After reading Luke’s post regarding the legality associated with trespassing, it started to make me think more about the specific law. How did that even come about? Why do people take it so seriously? Is it truly about privacy? How can land and property hold more power than the freedom instilled within humans? Many questions were raised in my mind.
There are always exceptions to rules. For trespassing, there might be instances of “implied consent,” in which immediate action is needed to save a life…” In that case, it becomes acceptable to trespass, an action that would not be tolerated otherwise.
As now learned, many places in Europe allow walking wherever one’s feet takes them, regardless of property. This cultural and geographical difference with where one “could” walk is confirming the ignorance of property lines in terms of boundaries in the land.
In The United States, something as simple as a fence can serve as a sort of indicator of “us” versus “them.” When this sort of mindset is formed, the notion of privilege can also be formed. The establishment and formation of a property line, in terms of boundaries, can ensure safety and privacy but it can also keep intruders out and away. But what or who can classify as an intruder? Does an intruder and a stranger serve the same purpose? Can both terms be used as substitutes for each other?
The etymology behind the term intrude derives from the Latin “intrudere” meaning to thrust or force inward. Moving inside, per say, has a neutral connotation, but to thrust or force in forms a negative connotation. The forcefulness behind the act of intruding can be seen as a dangerous deed instead of one for survival. Similarly, the reason why looting, meaning to snatch, can also hold a negative connotation. This can be seen in the two different photos that were analyzed in Dr. McCoy’s class. One had White individuals who were in search for food during the hurricane and were seen to retrieve by a necessity for survival but when Black individuals were showcased in the same predicament, they were seen as looters.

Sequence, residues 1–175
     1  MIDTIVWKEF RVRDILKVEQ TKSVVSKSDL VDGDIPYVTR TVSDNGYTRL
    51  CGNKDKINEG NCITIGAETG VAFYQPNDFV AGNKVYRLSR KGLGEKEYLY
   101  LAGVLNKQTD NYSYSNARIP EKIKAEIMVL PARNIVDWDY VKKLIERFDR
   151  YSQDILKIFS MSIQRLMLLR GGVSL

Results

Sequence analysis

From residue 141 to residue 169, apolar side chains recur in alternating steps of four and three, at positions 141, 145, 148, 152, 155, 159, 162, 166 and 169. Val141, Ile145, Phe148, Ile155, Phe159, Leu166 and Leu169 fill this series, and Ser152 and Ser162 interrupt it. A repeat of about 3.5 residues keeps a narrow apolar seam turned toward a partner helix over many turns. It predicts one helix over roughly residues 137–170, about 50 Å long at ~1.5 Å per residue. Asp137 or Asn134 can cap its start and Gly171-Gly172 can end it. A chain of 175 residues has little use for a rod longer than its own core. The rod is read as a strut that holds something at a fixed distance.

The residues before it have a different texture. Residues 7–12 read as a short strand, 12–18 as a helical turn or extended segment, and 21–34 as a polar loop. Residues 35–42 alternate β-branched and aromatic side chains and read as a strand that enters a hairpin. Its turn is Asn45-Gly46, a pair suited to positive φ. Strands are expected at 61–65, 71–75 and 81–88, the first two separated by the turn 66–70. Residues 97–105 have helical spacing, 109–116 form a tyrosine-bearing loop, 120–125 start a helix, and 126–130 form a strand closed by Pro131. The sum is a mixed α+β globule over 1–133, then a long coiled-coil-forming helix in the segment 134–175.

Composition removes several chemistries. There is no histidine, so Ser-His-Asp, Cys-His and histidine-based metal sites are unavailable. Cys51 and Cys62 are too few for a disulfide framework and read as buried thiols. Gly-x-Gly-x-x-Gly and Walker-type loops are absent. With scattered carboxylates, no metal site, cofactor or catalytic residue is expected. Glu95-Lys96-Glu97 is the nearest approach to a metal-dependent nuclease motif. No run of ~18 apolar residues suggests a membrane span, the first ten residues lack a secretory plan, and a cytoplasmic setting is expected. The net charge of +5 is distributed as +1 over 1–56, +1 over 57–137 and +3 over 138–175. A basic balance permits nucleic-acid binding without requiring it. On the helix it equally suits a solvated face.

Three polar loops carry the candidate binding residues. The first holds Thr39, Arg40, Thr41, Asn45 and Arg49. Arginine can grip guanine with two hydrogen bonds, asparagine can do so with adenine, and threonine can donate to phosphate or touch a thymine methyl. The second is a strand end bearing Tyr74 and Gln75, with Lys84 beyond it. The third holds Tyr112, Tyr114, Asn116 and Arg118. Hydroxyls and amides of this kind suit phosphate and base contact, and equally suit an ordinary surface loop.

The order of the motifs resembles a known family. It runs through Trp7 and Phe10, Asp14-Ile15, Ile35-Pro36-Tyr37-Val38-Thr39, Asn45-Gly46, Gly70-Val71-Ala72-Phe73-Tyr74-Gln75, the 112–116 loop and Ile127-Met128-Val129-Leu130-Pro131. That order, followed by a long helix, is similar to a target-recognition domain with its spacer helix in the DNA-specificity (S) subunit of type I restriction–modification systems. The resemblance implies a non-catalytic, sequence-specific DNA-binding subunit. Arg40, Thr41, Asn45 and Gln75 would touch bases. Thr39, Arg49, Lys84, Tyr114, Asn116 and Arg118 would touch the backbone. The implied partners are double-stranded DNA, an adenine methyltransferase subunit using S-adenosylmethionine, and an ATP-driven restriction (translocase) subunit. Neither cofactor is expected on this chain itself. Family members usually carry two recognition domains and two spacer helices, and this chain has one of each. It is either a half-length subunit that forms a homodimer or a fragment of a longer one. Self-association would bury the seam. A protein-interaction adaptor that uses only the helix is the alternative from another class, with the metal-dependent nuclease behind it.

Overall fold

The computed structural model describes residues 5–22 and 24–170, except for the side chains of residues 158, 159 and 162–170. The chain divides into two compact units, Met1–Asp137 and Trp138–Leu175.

“Is there such a fundamental distrust amongst us of the strange or unusual that we forget we’re all human beings?” is a brilliant question that has been asked by Luke in his blog post and I also have been thinkING about the same question. Systematic racism, proven by both Slavery and The All Lives Matter Movement, has been dismissing the larger issues present. The argument of what it means to be a “true” American has rose to the surface. Owning property is only the first step of being seen as “prominent” in today’s society to form and establish boundary lines.